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Chapter 4 Database Design Chapter4.1 Copyright © 2014 Pearson Education Inc.

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1 Chapter 4 Database Design Chapter4.1 Copyright © 2014 Pearson Education Inc.

2 Copyright ©2014 Pearson Education, Inc. Logical Design Logical design is the entity design without regard to a relational database management system. One of the principles of relational database is that the logical design should be the same regardless of the DBMS that will be used. This means you dont consider the particular limitations or features of a DBMS in the design. Chapter4.2

3 Copyright ©2014 Pearson Education, Inc. Physical Design Physical design is the logical design adapted to a particular DBMS. The design can change slightly to fit into the limitations of a DBMS or to take advantage of DBMS-specific features. Chapter4.3

4 Copyright ©2014 Pearson Education, Inc. Entity Relation Diagrams Entity relation diagrams are a common way of diagramming entities, their attributes, and their relationships. An entity is represented as a rectangle divided into three parts: The name of the entity The primary key The attributes Chapter4.4

5 Copyright ©2014 Pearson Education, Inc. An Entity Attributes in bold are required Chapter4.5

6 Copyright ©2014 Pearson Education, Inc. Relationships A relationship between entities is established by repeating one field, usually the primary key field, from one table in a second table, usually as a foreign key. The primary key table is sometimes referred to as the parent table. Tables with the foreign keys are referred to as child tables. Chapter4.6

7 Copyright ©2014 Pearson Education, Inc. Crows Feet Notation for Relationships The three lines, the crows foot, shows the many side of the relationship. The 0 on the building side says a building can have zero or many rooms, the line on the room side says a room must have a building. Chapter4.7

8 Copyright ©2014 Pearson Education, Inc. Naming Conventions Naming conventions are crucial for good design. Ideally you should have a consistent way of naming database objects, such as tables, attributes, keys, and any other database objects, such as stored procedures and triggers. Chapter4.8

9 Copyright ©2014 Pearson Education, Inc. Book Naming Conventions Entities and tables are named as single nouns like Tutor, Student, and Session. Attributes are named with the entity name followed by the attribute name. There are no underscores between. Each new word is capitalized: TutorLastName, StudentLastName, and so on. This can make for long attribute names, but it makes for maximum clarity. Primary keys end with the word Key: TutorKey, StudentKey, and so on. Foreign keys retain the name of the primary key. Chapter4.9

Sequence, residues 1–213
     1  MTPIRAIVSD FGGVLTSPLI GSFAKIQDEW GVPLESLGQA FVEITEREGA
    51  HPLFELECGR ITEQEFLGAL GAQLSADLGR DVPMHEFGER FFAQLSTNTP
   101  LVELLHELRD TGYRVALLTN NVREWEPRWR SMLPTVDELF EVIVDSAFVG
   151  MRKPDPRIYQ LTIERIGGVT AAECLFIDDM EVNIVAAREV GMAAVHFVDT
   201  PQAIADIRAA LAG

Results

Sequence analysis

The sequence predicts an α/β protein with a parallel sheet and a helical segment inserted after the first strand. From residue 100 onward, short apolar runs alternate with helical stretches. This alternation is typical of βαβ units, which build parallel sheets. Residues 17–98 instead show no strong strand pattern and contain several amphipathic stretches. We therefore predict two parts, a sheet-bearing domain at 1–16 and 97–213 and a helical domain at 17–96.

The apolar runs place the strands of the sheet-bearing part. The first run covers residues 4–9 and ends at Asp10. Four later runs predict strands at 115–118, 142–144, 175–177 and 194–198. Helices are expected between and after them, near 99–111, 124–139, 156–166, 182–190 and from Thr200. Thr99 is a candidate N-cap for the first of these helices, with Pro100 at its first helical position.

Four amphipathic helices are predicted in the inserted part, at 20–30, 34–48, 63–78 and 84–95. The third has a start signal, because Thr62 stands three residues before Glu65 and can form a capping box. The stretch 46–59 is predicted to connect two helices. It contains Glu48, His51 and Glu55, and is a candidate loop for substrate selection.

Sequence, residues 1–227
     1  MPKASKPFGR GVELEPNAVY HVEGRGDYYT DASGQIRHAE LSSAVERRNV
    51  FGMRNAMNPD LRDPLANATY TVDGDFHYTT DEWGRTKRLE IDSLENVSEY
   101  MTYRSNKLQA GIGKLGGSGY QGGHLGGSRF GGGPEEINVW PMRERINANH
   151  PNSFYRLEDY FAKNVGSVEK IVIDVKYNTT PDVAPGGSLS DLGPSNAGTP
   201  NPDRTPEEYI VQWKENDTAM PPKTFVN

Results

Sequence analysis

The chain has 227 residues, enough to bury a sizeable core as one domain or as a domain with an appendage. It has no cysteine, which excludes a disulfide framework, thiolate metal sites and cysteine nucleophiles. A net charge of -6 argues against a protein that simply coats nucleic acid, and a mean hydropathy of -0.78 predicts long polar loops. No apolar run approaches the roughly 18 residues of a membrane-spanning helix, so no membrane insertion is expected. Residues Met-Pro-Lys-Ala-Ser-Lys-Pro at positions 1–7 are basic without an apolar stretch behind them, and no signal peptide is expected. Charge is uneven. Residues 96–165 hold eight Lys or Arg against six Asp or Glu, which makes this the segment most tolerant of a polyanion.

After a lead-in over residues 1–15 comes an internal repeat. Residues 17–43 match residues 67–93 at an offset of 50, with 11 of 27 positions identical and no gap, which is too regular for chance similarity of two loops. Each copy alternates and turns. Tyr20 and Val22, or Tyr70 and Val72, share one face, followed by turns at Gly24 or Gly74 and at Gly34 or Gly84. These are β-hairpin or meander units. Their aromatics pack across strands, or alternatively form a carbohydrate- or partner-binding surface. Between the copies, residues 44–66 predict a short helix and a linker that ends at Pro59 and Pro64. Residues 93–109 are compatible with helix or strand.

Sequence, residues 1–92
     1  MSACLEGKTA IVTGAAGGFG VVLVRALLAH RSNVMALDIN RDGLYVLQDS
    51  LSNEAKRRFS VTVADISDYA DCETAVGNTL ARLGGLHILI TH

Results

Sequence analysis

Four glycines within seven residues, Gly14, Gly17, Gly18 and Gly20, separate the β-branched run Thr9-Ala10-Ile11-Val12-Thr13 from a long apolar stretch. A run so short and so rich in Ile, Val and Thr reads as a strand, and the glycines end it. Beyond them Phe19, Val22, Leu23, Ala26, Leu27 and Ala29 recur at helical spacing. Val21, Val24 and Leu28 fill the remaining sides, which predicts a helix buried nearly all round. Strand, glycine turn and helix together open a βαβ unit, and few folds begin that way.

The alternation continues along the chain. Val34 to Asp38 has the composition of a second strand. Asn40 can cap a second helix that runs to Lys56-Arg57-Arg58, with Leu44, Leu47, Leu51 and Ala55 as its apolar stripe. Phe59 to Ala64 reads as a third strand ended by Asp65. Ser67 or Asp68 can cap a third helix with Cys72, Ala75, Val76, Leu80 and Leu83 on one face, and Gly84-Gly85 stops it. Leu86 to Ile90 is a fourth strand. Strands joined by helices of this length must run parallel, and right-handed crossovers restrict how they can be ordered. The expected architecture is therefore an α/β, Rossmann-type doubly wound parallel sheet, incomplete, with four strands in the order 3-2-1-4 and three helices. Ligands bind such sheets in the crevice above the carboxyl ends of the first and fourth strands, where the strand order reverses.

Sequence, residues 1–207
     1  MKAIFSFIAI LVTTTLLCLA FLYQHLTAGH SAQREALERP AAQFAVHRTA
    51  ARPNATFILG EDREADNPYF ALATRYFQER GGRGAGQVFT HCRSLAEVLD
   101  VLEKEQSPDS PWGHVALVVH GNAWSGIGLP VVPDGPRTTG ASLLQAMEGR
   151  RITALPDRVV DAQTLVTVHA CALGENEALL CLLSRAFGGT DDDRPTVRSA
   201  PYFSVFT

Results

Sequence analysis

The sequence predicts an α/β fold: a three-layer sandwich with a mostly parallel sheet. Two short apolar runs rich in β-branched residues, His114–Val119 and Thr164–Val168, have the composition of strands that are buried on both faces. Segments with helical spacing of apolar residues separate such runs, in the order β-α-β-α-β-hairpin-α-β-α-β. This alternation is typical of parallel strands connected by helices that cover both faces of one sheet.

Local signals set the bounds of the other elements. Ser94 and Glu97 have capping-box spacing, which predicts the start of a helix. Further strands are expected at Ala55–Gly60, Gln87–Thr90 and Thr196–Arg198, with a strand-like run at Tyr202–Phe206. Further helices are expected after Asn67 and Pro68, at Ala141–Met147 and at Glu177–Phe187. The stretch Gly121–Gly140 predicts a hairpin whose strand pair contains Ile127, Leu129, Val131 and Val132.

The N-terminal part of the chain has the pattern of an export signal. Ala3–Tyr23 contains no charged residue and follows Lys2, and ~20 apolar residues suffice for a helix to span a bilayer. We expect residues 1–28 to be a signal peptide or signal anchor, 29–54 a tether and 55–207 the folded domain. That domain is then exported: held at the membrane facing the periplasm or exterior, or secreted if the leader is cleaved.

10 Copyright ©2014 Pearson Education, Inc. Term Equivalencies Logical DesignPhysical designTheoretical EntityTableRelation AttributeColumn, fieldAttribute Row, recordTuple Chapter4.10

11 Copyright ©2014 Pearson Education, Inc. Repeating Fields When creating an entity that can contain many of the same attributes, it is tempting to list or number them. For example, a tutor can tutor many classes. The temptation is to create an entity like the following (see next slide): Chapter4.11

12 Copyright ©2014 Pearson Education, Inc. Repeating Attribute Entity Chapter4.12

13 Resolution Numbering attributes is always a mistake. It is a sign that you should split the entity into two separate entities Chapter4.13 Copyright © 2014 Pearson Education Inc.

14 Copyright ©2014 Pearson Education, Inc. Relationships There are three types of relationships between entities: One to one One to many Many to many Chapter4.14

15 Copyright ©2014 Pearson Education, Inc. One to One A one-to-one relationship means that for every one record in the primary key table, there is no more than one related record in the foreign key table. Below are the crows feet notation for this relationship: Zero or one Exactly one Chapter4.15

16 Copyright ©2014 Pearson Education, Inc. Notes on One-to-One Relationships One-to-one relationships are rare. They can be used to rid an entity of null (empty) attributes that inevitably result when contents of an entity have different attributes. They are sometimes used when data is split between entities for security reasons. Chapter4.16

17 Copyright ©2014 Pearson Education, Inc. One-to-One Relationship to Prevent Nulls Chapter4.17

18 Copyright ©2014 Pearson Education, Inc. Table Example: One to One For Reducing Nulls Chapter4.18

19 Copyright ©2014 Pearson Education, Inc. One to One for Security Reasons Chapter4.19